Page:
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How Library Summer Reading Programs Can Help Your Child With LD

Summer Reading Library ProgramsMany of our kids look forward to summer all year: Besides the escape from the daily grind of classroom life, these warm months promise fun with camps, family trips, outdoor play and more filling our family schedules. While every summer has its fun times, we’ve all witnessed the other side of large amounts of unstructured time—bored kids (wailing “There’s nothing to do!” every few minutes) who may be losing academic ground over these school-free months. Summer reading programs are often promoted by libraries as a fun way to prevent summer learning loss and keep kids productive while school is out of session.



But if your child struggles with reading, optional reading over the summer might be the last thing he or she considers fun. And if your family experiences stress and discord over homework during the school year, it’s understandable that you might have anxiety about including academics in your child’s summer. Luckily, library summer reading programs have built-in ways to overcome these obstacles and can provide special benefits for students with learning disabilities (LD).

A Reason to ReadAlmost all public libraries offer summer reading programs for kids and teens. Although programs vary locally, they generally include ways for students to keep track of their reading, prizes and incentives for completing books, themed reading suggestions, special events and more. And these programs are offered for free—a relief for parents on a budget.

“We know that kids who don’t read over the summer lose some of the reading skills they developed over the previous school year. Summer reading programs help prevent this,” explains Alex Smith, a librarian at a New York City middle school. “This can be especially important for kids with LD and others who struggle with reading, because they can’t afford to lose any ground.”

While reading in school may be a source of anxiety and pressure for students with LD, summer reading programs are designed to help kids enjoy books and discover the joy of reading. A good summer reading program is relaxed and motivating, and unlike in many school situations, kids get to pick the books that interest them most. “Summer reading programs make reading fun…I’ve seen many kids, even reluctant readers, really enjoy reading for the first time at a library summer program, and this carries over to the school year,” Smith says.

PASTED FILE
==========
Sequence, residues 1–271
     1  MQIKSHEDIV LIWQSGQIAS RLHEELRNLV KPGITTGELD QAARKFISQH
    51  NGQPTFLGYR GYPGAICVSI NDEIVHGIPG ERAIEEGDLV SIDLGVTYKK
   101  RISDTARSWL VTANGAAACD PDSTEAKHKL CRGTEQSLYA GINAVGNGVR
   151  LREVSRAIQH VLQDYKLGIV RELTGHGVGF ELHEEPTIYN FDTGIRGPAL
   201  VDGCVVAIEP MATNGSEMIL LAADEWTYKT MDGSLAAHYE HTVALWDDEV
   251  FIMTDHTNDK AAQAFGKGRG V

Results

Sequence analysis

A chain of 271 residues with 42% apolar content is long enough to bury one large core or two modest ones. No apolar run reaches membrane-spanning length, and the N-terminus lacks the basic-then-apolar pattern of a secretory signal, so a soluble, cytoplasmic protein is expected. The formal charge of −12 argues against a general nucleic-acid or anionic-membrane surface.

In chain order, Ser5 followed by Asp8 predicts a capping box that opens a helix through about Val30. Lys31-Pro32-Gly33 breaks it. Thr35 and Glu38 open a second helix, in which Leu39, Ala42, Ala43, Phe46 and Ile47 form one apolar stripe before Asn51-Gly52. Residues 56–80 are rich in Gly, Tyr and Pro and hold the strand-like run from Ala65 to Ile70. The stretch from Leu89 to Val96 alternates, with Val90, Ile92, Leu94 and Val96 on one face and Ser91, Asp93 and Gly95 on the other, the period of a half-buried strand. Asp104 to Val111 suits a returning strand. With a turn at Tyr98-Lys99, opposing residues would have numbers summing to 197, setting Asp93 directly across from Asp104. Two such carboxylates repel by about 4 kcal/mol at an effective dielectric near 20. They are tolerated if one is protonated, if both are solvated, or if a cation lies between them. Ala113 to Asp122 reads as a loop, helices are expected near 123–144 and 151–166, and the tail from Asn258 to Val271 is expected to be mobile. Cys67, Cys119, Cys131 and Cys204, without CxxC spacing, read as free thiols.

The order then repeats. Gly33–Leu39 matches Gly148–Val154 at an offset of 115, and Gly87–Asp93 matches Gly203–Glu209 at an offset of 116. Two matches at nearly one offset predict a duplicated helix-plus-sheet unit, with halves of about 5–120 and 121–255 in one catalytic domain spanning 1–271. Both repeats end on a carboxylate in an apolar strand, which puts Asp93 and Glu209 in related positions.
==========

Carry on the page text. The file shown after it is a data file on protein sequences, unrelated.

This is exactly what happened to Ross Chapman, a 2013 Anne Ford Scholar. In the summer between fifth and sixth grade, a health issue kept Chapman from participating in sports, which typically filled his summers. He soon grew bored of watching TV, and his mother suggested going to the library. Having struggled with dyslexia since early childhood, he didn’t enjoy reading and thought his mom’s library idea wasn’t great, “But I was so bored I took her advice and went,” he says. The library proved a tremendously motivating environment, where librarians helped him move from reading Dr. Seuss books to working through Tom Clancy’s adult-level thrillers. “I finally saw the magic in reading books,” he explains.

Shh! A Librarian’s TipsExcited to get your child involved in a summer reading program, but not sure how to make it work with your child’s special needs? These tips from librarian Alex Smith will help.

  • Look into audio and digital book options. Audio and digital books engage readers in multisensory ways (like reading and listening at the same time and reading along while the e-book highlights each word) and can help make books accessible to people with dyslexia and others who struggle with printed material. Check out Learning Ally and Bookshare—your librarian can help you make use of these and other free resources.
  • Find motivating reading material. Although summer reading has an academic purpose, don’t forget that it’s meant to be fun and help kids learn the joy of reading. “Don’t worry too much about a book being challenging enough…focus on finding materials that will get your child excited to read,” Smith says. For reluctant readers, she recommends graphic novels and comic books, books with popular movie tie-ins (think Harry Potter and The Hunger Games), and instructional books that lead readers through fun projects (like art or craft books).
  • Talk to the librarian about your child’s needs. A librarian’s job goes far beyond shelving books and shushing patrons. Today’s librarians have a wealth of reading tips, book suggestions, and more. “We work very hard to make all of our programs inclusive for all readers,” explains Smith. “If you think that your child might struggle with a component of a reading program, most librarians are more than willing to help figure out accommodations or modifications to make the program work for your child…and we love helping even the most reluctant readers find books that work for them. You just need to ask!”
  • Remember that summer reading programs offer something for everyone. Across the country, librarians have come up with innovative programs that often go beyond traditional books. For example, this year, Chicago launched a STEM (Science, Engineering, Mathematics and Technology)-focused summer reading program that provides incentives to kids who read least 20 minutes per day, attend a library event, and create a design, invention, story or poem on their own. In New York State, local libraries have partnered with 4-H at Cornell University to present programs on earth science (think fossils and dinosaurs) and agriculture. Other libraries include classes in art, music and more to round out their summer offerings—be sure to ask your librarian for a calendar of summer events. This programming can help hook kids who might not otherwise be excited to read or go to a library.

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